The International Anthrozoology Symposium, the Sixth Edition. Multispecies Communities and Narratives


Becoming increasingly aware that we are not alone, we understand that we share the planet with other forms of life that are intelligent and affectionate, shape strong community ties, form families, and develop cultures and complex models of communication. When we begin to look up from our excessive preoccupation with being human we discover the myriad forms of non-human life, communities, cultures, relationships, or, to put it in one word, the other-than-human worlds. Suppose we reframe our thinking to acknowledge and recognize the other forms of intelligence, emotion, and language that don’t resemble our own. In that case, we are facing the promise of changing the current state of affairs.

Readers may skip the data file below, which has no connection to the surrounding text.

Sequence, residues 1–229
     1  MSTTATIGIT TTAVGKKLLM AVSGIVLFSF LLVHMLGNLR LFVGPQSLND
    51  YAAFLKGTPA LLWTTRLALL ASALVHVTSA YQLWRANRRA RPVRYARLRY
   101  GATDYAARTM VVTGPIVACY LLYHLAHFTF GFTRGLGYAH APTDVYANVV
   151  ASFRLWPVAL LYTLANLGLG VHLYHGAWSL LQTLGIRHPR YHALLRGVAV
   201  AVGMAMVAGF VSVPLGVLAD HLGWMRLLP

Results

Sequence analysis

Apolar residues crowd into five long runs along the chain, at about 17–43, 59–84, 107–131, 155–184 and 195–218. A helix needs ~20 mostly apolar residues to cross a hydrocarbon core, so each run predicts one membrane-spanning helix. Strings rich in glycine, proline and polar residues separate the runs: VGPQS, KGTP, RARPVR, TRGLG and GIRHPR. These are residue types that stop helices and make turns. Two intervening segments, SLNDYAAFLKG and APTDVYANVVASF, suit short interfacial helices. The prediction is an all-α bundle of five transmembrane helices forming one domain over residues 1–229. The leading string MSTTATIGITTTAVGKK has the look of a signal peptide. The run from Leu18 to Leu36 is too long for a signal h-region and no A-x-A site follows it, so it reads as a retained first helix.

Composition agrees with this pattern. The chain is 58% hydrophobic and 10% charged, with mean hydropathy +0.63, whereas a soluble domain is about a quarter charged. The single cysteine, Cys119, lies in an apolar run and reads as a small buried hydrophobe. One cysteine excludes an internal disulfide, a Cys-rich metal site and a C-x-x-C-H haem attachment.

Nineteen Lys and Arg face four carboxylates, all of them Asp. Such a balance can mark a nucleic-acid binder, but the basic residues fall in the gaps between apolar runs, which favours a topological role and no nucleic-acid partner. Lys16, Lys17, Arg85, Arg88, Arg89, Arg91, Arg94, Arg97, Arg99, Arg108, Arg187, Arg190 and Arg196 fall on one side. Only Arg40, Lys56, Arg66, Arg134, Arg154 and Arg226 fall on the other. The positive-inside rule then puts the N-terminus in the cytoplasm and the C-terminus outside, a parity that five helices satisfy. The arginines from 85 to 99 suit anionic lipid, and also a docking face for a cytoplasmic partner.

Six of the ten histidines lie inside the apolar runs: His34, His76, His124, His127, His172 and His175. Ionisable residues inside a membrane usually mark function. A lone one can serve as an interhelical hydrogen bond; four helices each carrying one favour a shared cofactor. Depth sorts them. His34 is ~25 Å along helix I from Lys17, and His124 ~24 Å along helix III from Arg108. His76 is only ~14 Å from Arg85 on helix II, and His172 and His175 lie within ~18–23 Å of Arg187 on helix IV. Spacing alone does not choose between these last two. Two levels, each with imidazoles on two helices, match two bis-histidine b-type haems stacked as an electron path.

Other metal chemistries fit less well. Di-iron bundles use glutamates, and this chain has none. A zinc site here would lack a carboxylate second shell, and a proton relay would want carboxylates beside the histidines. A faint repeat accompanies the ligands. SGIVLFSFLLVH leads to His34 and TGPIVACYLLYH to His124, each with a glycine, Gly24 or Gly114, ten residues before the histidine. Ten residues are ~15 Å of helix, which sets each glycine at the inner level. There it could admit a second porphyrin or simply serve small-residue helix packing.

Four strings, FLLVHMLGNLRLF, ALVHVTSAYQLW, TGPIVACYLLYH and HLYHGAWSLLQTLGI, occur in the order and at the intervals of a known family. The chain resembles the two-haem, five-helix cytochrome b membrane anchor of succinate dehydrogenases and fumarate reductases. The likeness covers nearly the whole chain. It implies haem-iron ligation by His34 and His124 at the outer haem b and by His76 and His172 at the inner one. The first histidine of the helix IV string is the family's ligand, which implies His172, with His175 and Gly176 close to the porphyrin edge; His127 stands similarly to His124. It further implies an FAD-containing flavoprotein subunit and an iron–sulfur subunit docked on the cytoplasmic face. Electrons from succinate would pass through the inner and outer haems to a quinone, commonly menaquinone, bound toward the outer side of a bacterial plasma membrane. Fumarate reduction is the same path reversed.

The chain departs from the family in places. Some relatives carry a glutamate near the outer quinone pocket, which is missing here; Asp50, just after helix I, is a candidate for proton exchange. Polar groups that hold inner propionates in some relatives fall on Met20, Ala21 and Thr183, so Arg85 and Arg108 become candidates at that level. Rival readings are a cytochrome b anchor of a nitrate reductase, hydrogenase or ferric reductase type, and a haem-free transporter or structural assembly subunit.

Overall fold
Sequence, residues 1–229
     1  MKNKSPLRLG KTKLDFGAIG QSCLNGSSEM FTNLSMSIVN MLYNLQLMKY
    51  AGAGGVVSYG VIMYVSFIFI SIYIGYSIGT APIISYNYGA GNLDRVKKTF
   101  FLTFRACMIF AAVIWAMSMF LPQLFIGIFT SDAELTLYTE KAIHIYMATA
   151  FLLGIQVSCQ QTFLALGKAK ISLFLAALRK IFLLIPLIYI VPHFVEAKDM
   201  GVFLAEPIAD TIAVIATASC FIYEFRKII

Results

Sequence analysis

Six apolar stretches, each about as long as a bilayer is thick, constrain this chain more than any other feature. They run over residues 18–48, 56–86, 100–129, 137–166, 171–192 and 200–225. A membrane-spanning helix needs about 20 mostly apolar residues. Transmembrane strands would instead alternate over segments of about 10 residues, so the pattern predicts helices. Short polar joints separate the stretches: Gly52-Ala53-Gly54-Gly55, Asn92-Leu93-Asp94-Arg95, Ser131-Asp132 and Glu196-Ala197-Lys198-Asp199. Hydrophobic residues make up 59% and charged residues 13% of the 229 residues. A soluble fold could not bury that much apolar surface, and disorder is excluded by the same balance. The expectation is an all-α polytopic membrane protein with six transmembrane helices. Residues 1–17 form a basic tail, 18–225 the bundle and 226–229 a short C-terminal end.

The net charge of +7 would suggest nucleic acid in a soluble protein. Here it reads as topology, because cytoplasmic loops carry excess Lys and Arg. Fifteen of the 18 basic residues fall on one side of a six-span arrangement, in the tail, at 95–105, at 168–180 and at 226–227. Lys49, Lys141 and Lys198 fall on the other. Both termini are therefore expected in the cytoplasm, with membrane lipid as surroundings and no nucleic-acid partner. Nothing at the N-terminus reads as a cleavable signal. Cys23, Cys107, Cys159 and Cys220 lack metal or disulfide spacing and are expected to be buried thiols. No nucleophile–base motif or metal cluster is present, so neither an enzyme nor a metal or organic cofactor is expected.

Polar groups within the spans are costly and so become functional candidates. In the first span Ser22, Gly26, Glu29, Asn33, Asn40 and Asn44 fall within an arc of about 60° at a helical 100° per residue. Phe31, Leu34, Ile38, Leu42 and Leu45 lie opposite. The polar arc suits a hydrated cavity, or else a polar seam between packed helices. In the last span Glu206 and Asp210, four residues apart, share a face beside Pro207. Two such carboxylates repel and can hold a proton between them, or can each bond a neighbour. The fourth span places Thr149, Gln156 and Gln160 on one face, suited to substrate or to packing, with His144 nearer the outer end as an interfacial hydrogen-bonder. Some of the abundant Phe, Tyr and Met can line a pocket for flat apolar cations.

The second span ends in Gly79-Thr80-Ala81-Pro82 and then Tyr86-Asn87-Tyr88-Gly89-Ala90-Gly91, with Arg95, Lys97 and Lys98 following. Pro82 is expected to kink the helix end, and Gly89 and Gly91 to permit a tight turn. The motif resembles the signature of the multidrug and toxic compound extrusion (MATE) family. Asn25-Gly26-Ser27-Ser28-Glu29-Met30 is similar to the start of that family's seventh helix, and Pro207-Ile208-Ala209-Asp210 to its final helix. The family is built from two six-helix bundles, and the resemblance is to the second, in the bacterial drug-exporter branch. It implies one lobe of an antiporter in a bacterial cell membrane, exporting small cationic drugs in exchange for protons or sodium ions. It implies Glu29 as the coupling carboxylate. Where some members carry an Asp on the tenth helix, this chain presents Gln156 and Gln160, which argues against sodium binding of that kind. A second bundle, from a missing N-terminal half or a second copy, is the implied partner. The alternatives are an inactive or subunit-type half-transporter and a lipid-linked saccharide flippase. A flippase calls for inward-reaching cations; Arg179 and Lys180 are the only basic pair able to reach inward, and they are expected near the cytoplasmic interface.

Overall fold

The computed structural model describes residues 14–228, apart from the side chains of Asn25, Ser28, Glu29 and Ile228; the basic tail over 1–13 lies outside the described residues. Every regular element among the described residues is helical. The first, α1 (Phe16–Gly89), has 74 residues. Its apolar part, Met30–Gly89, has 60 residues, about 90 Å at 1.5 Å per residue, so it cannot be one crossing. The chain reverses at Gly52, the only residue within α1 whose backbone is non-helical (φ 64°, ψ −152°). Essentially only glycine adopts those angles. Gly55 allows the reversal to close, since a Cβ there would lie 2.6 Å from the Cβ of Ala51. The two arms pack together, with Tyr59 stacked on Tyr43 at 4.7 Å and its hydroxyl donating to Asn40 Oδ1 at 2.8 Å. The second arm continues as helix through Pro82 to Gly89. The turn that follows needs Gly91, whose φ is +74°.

If we take the non-human animals’ matter seriously and look away from our current ideologies, we may discover that we are trapped by our systems of thinking and judging. We need to break away from anthropocentric thinking. Our economic, political, and ecological systems limit the ways we can connect with other-than-human animals and the natural world at large. We must seriously question whether and how our all-too-human limitations tie us into what we can imagine and wish for. We live in a complex and interdependent world. When we take other animals seriously, we discover more than their extraordinary lives and communities, we see their potential to demolish the barriers to our thinking and change our world. Multispecies communities recognize the multitude of life forms and try to accommodate them. When we create spaces for other beings in our human world, we explore our capacity to relate to others; and this newfound connectedness, openness, and vulnerability brings the promise of unforeseen possibilities. Until now, we have nourished the desire to control the larger-than-human world, yet we gradually realize that such control is just an illusion. All the other non-humans around us are as much a part of this web of life as we are. To find peace, balance, and prosperity we need to rediscover this sense of connectedness that requires us to make space for all the others beside us.